Both: It is inevitable that the net asset value of investment trusts will often differ from their share price, which is a concept most clients struggle to understand. The ones claiming to comprehend the intricacies of the structure of splitcapital investment trusts with multiple share classes or to recognise levels of gearing which may lead to enforced liquidation are even rarer, so it is realistic to expect the appeal of investment trusts to be far narrower than for open-ended funds.
It could be very dangerous to try to broaden the market without ensuring that investors are properly educated as to the commensurate risks.
Clark: I agree that investment trusts are very difficult to research. Underlying net asset value is immaterial and demand is king. This means that much more in-depth research and analysis is required before an IFA can be happy to recommend one. Shares can trade at a premium or discount and the only time you can be sure to obtain the actual value of the underlying investment is at wind-up. Therefore, better marketing and management information needs to be more widely available and easier to compare than at present.
How buoyant is the venture capital trust market since the Government's tax and investment changes? Do you think there is now more demand for these products?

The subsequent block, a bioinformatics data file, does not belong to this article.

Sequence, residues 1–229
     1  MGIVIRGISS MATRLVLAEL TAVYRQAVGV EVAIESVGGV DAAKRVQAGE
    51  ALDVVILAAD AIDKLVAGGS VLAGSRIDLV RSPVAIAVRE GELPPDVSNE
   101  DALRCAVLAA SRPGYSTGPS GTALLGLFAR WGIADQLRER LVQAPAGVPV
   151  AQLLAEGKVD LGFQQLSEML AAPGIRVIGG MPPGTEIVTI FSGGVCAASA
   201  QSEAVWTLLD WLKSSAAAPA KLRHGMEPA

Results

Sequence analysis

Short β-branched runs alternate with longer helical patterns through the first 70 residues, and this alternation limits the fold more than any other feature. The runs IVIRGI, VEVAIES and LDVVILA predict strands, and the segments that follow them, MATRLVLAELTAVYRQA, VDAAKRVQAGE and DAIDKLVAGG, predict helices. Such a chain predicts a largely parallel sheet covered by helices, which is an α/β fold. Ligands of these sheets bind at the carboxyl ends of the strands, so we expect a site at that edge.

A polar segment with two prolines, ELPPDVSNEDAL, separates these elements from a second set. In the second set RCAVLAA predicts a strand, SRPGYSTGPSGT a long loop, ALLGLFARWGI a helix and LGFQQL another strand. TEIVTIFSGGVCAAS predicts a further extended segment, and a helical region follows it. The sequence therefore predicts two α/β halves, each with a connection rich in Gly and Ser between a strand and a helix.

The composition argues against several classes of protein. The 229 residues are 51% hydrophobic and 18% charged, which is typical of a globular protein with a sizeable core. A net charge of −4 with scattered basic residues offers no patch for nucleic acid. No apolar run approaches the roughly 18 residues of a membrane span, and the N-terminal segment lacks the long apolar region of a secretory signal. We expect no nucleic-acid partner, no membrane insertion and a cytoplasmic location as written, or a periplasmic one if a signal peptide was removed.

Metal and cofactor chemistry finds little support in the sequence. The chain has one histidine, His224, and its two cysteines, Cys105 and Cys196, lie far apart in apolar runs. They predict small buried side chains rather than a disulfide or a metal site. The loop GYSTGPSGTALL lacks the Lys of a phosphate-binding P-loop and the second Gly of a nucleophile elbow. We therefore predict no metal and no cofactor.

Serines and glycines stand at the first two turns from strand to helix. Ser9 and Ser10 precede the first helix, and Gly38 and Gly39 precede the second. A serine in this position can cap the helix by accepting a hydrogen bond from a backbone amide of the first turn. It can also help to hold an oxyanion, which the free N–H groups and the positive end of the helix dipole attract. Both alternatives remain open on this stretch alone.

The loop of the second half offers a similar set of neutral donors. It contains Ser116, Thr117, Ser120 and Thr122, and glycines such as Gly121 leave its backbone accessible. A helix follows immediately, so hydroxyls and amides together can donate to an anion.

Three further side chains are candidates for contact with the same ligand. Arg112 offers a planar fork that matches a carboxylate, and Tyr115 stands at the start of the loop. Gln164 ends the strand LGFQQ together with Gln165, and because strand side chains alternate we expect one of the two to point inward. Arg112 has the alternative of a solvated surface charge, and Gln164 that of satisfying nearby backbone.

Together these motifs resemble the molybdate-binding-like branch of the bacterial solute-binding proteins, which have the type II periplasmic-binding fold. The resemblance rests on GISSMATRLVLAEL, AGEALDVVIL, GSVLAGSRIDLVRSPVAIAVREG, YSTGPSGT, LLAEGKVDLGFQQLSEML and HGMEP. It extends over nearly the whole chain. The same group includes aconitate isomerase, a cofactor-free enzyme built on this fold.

Goodwin: Judging by the number of new issues this year and those investment groups planning to launch new issues, the industry expects there to be more demand although I have not seen evidence of increased demand.
I would suggest that any IFA worth his salt would set out the purpose of a venture capital trust and its suitability for that client. It worries me that many may be sold as a smaller companies Oeic-type investment with tax relief, whereas the client needs to know that it is not a readily realisable investment and should be entered into for the very long term.
Both: Forty per cent income tax relief upfront is a very persuasive argument for higher-rate taxpayers to consider venture capital trusts as a way of saving for retirement. One must not underestimate the significant risks of investing in very small companies whose shares are rarely very liquid, even when there is not news to move the market significantly.
Clark: Venture capital trust prospectuses land on my desk virtually every day after the doubling of tax relief in the Budget. They look great, they feel great, they sound great, they even smell great and that tax break is unbelievable. However, they are perceived as ultra high risk as they deal with venture capital. If you explain risk properly to a client, most are lower and medium risk and certainly not high risk. If we explain that you get a 40 per cent return overnight, then many more would consider them.
Yvonne Goodwin, director,Pearson Jones
Michael Both, proprietor, Michael Philips
Ashley Clark, director, Need An Adviser.com